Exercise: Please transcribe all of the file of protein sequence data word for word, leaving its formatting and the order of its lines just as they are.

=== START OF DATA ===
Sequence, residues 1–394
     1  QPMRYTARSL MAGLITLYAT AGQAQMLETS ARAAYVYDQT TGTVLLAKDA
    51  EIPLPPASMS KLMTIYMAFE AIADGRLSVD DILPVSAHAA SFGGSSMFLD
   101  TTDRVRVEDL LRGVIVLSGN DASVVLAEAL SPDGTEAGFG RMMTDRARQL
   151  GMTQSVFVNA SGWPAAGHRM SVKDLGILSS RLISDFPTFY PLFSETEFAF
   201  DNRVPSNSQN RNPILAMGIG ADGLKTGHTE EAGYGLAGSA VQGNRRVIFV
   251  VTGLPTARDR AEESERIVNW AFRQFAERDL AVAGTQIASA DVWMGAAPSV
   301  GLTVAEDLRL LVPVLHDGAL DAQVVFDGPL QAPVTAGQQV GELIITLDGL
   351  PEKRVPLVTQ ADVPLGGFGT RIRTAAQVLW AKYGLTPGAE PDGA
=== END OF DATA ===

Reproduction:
Sequence, residues 1–394
     1  QPMRYTARSL MAGLITLYAT AGQAQMLETS ARAAYVYDQT TGTVLLAKDA
    51  EIPLPPASMS KLMTIYMAFE AIADGRLSVD DILPVSAHAA SFGGSSMFLD
   101  TTDRVRVEDL LRGVIVLSGN DASVVLAEAL SPDGTEAGFG RMMTDRARQL
   151  GMTQSVFVNA SGWPAAGHRM SVKDLGILSS RLISDFPTFY PLFSETEFAF
   201  DNRVPSNSQN RNPILAMGIG ADGLKTGHTE EAGYGLAGSA VQGNRRVIFV
   251  VTGLPTARDR AEESERIVNW AFRQFAERDL AVAGTQIASA DVWMGAAPSV
   301  GLTVAEDLRL LVPVLHDGAL DAQVVFDGPL QAPVTAGQQV GELIITLDGL
   351  PEKRVPLVTQ ADVPLGGFGT RIRTAAQVLW AKYGLTPGAE PDGA